inspiredness TM

Copyright 2013


Temper Tantrums

(Originally written May 17, 2012)

This has become the common look in our household and not just from Gracie but from just about every member of the family (myself included).

I’m constantly asking myself what is causing these crazy, emotional outbursts. Am I doing something wrong as a mother? Am I  not paying enough attention or giving the wrong kind of attention? Is it due to exhaustion? Maybe it’s a hunger thing? Just a stage? Is it simply because the kids haven’t mastered certain communication skills? Oh, I could over analyze this subject for days, months, years.

The more I think about it, however, the more I realize that even as an adult I have “temper tantrums.” They may not be the classic throw-yourself-on-the-floor-and-scream tantrums but they are emotional outbursts of another kind. I might pout to myself, I may literally bang my head against the wall when I’ve had enough {as I did the other night}, I may be so hurt and angry that I can’t stop crying hysterically.

Toddlers typically throw tantrums in order to express fear and anger and according to Freud, tantrums may be a subconscious way of the tantrum-thrower to force a punishment on himself as a way to put his sense of guilt to rest (Sigmund Freud, Case Histories II (PFL9) p. 257-58). It’s also suggested that tantrums {at least in toddlers} are a result of a blow to the person’s inflated self-image (H. and I. Goldenberg, Family Therapy (2007) p. 172).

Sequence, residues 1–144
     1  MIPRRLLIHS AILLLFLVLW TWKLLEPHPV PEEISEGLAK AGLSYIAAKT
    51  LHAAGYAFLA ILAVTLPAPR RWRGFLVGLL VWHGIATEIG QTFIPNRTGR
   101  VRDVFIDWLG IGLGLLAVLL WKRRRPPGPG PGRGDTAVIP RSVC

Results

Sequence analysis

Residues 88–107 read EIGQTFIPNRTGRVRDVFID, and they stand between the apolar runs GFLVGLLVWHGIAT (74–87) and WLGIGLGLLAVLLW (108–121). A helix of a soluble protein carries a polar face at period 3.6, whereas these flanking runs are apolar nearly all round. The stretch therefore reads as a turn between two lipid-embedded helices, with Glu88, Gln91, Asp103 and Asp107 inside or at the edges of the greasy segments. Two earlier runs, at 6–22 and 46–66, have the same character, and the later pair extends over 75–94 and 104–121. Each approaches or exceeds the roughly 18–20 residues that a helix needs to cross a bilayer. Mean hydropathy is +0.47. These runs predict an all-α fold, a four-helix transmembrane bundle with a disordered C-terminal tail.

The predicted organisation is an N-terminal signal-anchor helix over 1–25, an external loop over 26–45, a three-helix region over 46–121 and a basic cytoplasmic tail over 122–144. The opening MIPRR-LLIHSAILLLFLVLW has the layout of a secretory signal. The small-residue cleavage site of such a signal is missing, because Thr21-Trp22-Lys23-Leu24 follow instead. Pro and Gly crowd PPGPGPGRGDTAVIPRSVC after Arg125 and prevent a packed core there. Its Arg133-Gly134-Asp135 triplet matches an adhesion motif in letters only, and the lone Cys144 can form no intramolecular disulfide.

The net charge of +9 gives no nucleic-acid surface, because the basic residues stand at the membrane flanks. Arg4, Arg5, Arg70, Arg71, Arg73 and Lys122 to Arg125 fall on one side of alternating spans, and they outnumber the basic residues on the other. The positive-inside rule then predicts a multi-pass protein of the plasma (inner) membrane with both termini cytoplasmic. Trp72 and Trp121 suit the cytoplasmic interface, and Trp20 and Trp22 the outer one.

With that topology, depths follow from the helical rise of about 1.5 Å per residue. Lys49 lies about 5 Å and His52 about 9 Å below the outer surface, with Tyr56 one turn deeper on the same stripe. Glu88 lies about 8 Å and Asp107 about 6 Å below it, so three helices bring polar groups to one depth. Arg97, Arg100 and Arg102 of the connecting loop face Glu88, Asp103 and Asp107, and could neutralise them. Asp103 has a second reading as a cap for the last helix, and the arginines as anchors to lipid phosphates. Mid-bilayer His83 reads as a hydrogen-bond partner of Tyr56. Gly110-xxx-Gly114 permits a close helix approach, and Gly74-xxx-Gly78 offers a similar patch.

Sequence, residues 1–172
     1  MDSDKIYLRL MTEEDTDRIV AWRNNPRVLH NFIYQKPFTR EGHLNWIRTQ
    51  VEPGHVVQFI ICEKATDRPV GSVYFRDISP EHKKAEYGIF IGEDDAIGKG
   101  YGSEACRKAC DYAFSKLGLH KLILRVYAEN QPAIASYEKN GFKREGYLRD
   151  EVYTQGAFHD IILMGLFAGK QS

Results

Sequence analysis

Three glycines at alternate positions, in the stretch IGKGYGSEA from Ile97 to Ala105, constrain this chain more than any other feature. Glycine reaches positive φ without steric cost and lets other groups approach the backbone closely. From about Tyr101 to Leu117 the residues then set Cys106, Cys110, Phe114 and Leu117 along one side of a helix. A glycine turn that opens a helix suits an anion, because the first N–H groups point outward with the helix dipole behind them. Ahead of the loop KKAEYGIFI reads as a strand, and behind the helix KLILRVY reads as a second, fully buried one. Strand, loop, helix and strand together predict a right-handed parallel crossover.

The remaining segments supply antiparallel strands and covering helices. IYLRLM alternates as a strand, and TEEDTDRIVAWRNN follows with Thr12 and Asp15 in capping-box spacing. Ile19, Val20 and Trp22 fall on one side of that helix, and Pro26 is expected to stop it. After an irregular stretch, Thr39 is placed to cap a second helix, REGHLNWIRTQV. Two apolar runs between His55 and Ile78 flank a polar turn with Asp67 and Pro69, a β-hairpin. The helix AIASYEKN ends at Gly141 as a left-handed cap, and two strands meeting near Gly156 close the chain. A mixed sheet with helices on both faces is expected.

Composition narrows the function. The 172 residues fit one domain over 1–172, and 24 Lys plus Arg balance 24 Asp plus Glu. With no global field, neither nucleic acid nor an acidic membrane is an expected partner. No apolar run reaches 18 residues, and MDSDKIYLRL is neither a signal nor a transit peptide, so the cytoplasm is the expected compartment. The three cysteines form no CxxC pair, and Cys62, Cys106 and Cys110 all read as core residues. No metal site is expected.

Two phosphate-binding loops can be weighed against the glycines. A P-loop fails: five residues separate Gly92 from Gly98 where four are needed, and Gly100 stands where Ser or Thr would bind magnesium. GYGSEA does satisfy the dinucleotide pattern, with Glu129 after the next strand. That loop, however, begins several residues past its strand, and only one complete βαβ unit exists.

I think all of these postulations are valid and definitely true for me when I throw my “temper tantrums,” what about you? Do you ever feel like the world is out to get you, that things aren’t going your way and they never will? Do you ever feel embarrassed or humiliated by your failure and lack of perfectionism? Have you ever gotten caught doing something vengeful, spiteful to someone because you were hurt by that person? Do you ever wish that someone would just slap your hand for the sins that you’ve committed so you wouldn’t feel so bad about having committed them? I can probably raise my hand to all of these {and more}. These are “perfect” reasons to throw an adult-sized temper tantrum!

So go ahead…pout, scream, shout, bang your head on the wall {literally or figuratively} and as bad as it sounds, yell at God. Give Him your anger, humiliation, sadness, guilt, feelings of worthlessness…give it all to Him! Guess what? He won’t slap you on the hand or put you behind bars or disown you as His beloved son or daughter!

I have loved you with an everlasting love…

Jeremiah 31:3

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What was life like before?

Before the babies, the all-night feeding sessions, the dirty diapers. Before the time when taking a shower every 3-4 days was something I only did when I was camping.